Gestalt principles of visual grouping

Alice McCarthy, November 1st, 2010 | Filed under
  • This figure from Bang Wong's
    feature column emphasizes the
    visual power of grouping.

Gestalt principles of perception are theories proposed by German psychologists in the 1920s to explain how people organize visual information. In his monthly column in Nature Methods, the Broad's Creative Director, Bang Wong, explains how Gestalt psychology is often at the root of how visual images are seen and interpreted. In this first of two articles on Gestalt principles and how we tend to visually assemble objects into groups, Bang discusses how to use grouping to present visual information on a page in a scientific publication. In this column, he describes how the eye tends to group visual information depending on similarity, proximity, connection and enclosure of images in relation to each other. Depending on how the images are grouped, seemingly automatic visual connections can be highlighted or changed.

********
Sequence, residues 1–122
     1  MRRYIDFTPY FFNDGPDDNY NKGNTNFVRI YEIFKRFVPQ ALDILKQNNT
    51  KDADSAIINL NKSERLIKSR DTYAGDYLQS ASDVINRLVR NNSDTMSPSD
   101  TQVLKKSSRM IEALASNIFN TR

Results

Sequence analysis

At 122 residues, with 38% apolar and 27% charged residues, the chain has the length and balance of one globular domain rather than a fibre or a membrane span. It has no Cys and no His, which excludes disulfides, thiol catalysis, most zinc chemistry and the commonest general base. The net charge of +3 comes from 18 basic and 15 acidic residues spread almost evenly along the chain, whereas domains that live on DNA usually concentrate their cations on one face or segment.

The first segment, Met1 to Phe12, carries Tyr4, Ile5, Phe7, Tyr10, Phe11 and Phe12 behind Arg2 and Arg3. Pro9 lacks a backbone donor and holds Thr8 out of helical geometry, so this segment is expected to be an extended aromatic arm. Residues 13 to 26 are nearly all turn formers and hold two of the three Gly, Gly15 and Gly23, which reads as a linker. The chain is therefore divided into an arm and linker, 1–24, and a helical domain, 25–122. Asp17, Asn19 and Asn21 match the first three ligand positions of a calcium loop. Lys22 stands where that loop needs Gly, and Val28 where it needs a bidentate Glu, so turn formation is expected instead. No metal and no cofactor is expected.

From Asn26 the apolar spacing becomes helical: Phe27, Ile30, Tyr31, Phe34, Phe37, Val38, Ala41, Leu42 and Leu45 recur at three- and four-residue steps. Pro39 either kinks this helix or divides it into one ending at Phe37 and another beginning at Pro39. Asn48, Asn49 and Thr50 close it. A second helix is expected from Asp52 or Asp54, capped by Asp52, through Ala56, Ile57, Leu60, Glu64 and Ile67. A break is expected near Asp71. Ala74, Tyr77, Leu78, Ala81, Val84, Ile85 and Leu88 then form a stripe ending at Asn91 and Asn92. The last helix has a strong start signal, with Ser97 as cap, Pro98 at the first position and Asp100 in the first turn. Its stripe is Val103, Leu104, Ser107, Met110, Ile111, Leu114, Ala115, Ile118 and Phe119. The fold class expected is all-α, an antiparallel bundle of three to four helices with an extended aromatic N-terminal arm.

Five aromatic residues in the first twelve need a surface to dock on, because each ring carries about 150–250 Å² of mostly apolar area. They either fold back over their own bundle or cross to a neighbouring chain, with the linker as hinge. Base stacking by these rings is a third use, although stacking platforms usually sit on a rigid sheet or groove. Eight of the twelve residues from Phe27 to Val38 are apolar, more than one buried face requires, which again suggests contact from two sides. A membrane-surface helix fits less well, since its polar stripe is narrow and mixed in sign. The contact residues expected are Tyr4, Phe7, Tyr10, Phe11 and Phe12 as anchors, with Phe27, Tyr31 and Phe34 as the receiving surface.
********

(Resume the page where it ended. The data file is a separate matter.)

Bang's monthly feature column began in Nature Methods in August 2010. You can view archived features here, here, and here.

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